> all this migration work is what was holding it back for a long time.
> However, we should make sure that the old Flyspray URLs still work (and
> redirect to the Flyspray archive).

Setting up Bugzilla in Ansible, and figuring how to auto-create and sync
products will still be some effort. And we have to make sure that
Bugzilla, isn't as slow as it's showcased ;-)

My todolist is here:

https://wiki.archlinux.org/index.php/User:jelly/Bugzilla#TODO

> > * Release engineering
>
> Sounds good to me. I would split [core] and [extra]. I would also call
> the packages projects "[core] packages", "[extra] packages" and
> "[community] packages"; unless there are technical limitations
> preventing the use of brackets. These brackets make it much clearer that
> the names are referring to pacman repositories; and to a novice Arch
> user, it may not be 100% clear what a "community package" or an "extra
> package" is.

I'm in favor, this should make it more clear where to report bugs, also
with the automatic product selection.

--
Jelle van der Waa

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Re: Switching the bugtracker to Bugzilla

arch dev mailing list
In reply to this post by Lukas Fleischer-2
On 15.11.2017 09:07, Lukas Fleischer wrote:
> Generally speaking, I am in favor of setting up a fresh Bugzilla
> instance and not doing any sort of migration. The idea of switching to a
> new bug tracker came up at least four years ago and my feeling is that
> all this migration work is what was holding it back for a long time.

That's not really true. The most important problem back then was that
bugzilla only supported cgi and mod_perl. cgi performed really badly
when I tested it and mod_perl didn't perform much better because it just
hid the cost of compiling everything by using preforked workers. At
least until the pool of preforked workers was used up and it needed to
start new ones.

In the end the server was able to compile bugzilla roughly 8 times per
second using all cores and with a sufficient number of requests that
also seemed to affect mod_perl.

Nowadays bugzilla finally has psgi support where the perl code is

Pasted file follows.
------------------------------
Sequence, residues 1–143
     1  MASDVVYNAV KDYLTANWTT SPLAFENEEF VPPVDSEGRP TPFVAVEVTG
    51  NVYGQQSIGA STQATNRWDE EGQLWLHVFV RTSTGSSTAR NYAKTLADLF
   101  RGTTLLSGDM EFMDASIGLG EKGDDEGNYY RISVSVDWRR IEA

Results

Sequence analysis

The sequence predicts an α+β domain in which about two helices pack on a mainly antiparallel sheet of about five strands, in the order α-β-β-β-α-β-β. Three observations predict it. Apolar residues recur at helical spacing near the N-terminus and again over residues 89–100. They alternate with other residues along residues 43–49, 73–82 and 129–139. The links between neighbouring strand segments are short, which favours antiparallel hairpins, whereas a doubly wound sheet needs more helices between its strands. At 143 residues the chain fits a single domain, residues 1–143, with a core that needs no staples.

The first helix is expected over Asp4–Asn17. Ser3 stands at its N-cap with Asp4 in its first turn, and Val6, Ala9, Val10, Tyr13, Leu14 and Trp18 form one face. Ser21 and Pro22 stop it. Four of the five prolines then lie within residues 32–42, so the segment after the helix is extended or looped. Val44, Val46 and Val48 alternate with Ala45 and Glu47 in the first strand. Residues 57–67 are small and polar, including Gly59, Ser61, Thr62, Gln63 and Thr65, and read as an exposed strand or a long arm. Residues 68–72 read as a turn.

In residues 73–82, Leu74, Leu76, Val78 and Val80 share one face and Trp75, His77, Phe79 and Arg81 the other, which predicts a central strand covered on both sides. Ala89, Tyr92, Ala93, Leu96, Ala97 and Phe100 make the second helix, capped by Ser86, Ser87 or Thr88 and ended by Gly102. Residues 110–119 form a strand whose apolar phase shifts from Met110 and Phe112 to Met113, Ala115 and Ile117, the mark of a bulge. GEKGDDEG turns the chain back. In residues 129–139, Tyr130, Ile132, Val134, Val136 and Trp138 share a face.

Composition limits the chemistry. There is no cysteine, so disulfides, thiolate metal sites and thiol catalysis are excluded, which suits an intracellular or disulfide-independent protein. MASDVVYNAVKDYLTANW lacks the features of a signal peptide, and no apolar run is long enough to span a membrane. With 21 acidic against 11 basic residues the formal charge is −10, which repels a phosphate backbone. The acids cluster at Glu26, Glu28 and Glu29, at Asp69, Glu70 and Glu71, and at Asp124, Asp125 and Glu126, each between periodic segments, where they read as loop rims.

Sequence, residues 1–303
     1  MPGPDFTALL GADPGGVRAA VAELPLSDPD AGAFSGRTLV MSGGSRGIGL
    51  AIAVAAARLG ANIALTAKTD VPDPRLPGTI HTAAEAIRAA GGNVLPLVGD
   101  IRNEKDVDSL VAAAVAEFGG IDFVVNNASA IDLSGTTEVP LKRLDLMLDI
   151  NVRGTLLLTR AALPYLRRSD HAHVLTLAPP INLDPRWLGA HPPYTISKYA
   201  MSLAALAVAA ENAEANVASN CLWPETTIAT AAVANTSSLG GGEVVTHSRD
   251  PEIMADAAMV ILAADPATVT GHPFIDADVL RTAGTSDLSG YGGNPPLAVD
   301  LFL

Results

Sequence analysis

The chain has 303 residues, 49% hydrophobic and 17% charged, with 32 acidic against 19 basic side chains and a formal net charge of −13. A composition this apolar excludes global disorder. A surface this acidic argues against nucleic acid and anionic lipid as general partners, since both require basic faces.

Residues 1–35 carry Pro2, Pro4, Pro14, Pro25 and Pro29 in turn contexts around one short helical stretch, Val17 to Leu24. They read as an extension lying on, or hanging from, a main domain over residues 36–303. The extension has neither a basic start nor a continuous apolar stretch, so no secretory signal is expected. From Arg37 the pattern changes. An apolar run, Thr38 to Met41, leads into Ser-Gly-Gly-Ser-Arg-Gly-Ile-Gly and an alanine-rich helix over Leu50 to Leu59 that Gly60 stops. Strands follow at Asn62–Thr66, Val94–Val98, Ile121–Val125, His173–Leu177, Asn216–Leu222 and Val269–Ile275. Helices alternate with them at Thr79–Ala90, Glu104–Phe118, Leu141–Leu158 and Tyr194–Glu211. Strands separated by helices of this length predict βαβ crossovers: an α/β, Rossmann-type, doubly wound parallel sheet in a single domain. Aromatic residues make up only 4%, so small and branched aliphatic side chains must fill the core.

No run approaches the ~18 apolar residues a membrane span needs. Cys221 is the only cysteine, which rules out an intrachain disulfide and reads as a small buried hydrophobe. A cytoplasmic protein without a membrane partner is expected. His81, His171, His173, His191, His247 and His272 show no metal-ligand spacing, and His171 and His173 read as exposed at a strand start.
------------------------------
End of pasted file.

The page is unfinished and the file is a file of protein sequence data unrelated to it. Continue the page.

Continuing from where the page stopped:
compiled once and requests are sent to it. At least without data this
leaves us with a few hundred requests per second so the base performance
is much much better.

Sadly it looks like the migration script, that once worked pretty well,
no longer works out of the box. Jelle has been working on reviving it.

Florian


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Re: Switching the bugtracker to Bugzilla

Giancarlo Razzolini-2
In reply to this post by Lukas Fleischer-2
Em novembro 15, 2017 6:07 Lukas Fleischer escreveu:
> However, we should make sure that the old Flyspray URLs still work (and
> redirect to the Flyspray archive).

Even though flyspray URL's are not really flyspray's and are more nginx's [0],
if there is no clash with bugzilla, I don't see any reason why we would not
be able to redirect them to the flyspray archive.

But what I have in mind for this is to have flyspray hosted under a different
domain name. Something like old-bugs-meant-to-die.archlinux.org.

Regards,
Giancarlo Razzolini

[0] https://git.archlinux.org/infrastructure.git/tree/roles/flyspray/templates/nginx.d.conf.j2

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Re: Switching the bugtracker to Bugzilla

Morten Linderud-2
In reply to this post by Jelle van der Waa-2
On Tue, Nov 14, 2017 at 08:30:21PM +0100, Jelle van der Waa wrote:

> [snip]
> # Products
>
> * Arch packages (core/extra or split this up)
> * Community packages (community)